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Joseph Maddison facts for kids

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Joseph Maddison
Joseph Clarkson Maddison, 1905.jpg
Joseph Clarkson Maddison in 1905
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Personal information
Name Joseph Maddison
Nationality English
Birth date (1850-02-26)26 February 1850
Birth place Greenwich, Kent, England
Date of death 11 December 1923(1923-12-11) (aged 73)
Place of death Napier, New Zealand
Buildings Carlton Hotel
Clarendon Hotel
Merchiston Station homestead
Mona Vale homestead
Old Government Building, Christchurch
Warner's Hotel
Projects 1906 International Exhibition

Joseph Clarkson Maddison (26 February 1850 – 11 December 1923) was a New Zealand architect. He trained as an architect in his native London and came to Canterbury at the age of 22. At the end of the 19th and beginning of the 20th century, he was one of the most prominent architects in Christchurch, receiving commissions from all over the country. Until the February 2011 Christchurch earthquake, 13 of his buildings were listed by Heritage New Zealand on their register, with three of those Category I listings, but many of the Christchurch buildings have been demolished since. His style was plain and utilitarian, and he specialised in the classical Italian mode.

Early life

Maddison was born in Greenwich, Kent, England in 1850. His parents were the beer merchant John Maddison and Matilda Clarkson. He attended private schools.


Old Government Building in Christchurch, New Zealand 2006 01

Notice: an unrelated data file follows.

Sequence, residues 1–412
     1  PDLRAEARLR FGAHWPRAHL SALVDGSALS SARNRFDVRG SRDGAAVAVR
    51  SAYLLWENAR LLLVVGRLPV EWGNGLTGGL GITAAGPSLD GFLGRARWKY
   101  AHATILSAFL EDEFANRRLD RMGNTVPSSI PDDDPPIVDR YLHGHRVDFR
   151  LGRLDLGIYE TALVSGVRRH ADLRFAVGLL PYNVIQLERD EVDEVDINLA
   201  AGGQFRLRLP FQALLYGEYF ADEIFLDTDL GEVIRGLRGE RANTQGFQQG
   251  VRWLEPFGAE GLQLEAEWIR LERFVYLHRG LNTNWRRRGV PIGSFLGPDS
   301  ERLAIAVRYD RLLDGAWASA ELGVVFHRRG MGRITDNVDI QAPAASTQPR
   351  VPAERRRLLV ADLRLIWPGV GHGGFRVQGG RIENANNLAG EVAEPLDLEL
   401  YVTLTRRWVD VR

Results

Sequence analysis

Old Government Building in Christchurch
International Exhibition in Christchurch, main building
International Exhibition in Christchurch, main building

From age 17, Maddison studied in England under architect George Morris and at the National Art Training School. He apparently emigrated to Christchurch, New Zealand in 1872 on the Charlotte Gladstone (the source calls the ship the Gladstone, but only a Charlotte Gladstone came to Lyttelton) but his name does not appear on the shipping list. He initially had an office in Cashel Street, but from 1878 to 1916 worked from an office in Hereford Street approximately opposite Liverpool Lane.

He won two major competitions with his designs, including taking both first and second place in a competition to design Christchurch Town Hall in 1879. This success led to commissions from a variety of clients throughout the 1880s. During the 1890s, he worked primarily on the design of freezing works and abattoirs. In 1887, he was made a Fellow of the Royal Institute of British Architects.

In the early twentieth century, having established a national reputation for his work, Maddison designed the Christchurch Government Building, the Clarendon Hotel and the temporary exhibition buildings for the 1906 International Exhibition. The exhibition building was constructed in Christchurch's Hagley Park and had massive dimensions: the frontage measured 399 m, it was 113 m deep and the two towers were 49 m tall. The building, erected at a cost of £54,000, was removed again after the International Exhibition finished. The Government Building in Cathedral Square, which exemplify Maddison's restrained and pragmatic style, is modelled on Italian palazzo architecture.

Parliament Buildings competition entry
Maddison's unsuccessful competition entry for the New Zealand Parliament Buildings

Maddison entered the competition for the new Parliament Buildings in Wellington, after the original building burned down in 1907. The competition received 33 entries, and Maddison's entry did not get amongst the first nine. Government architect John Campbell's entries won first and fourth prize, and the building that was constructed combines elements of those two designs.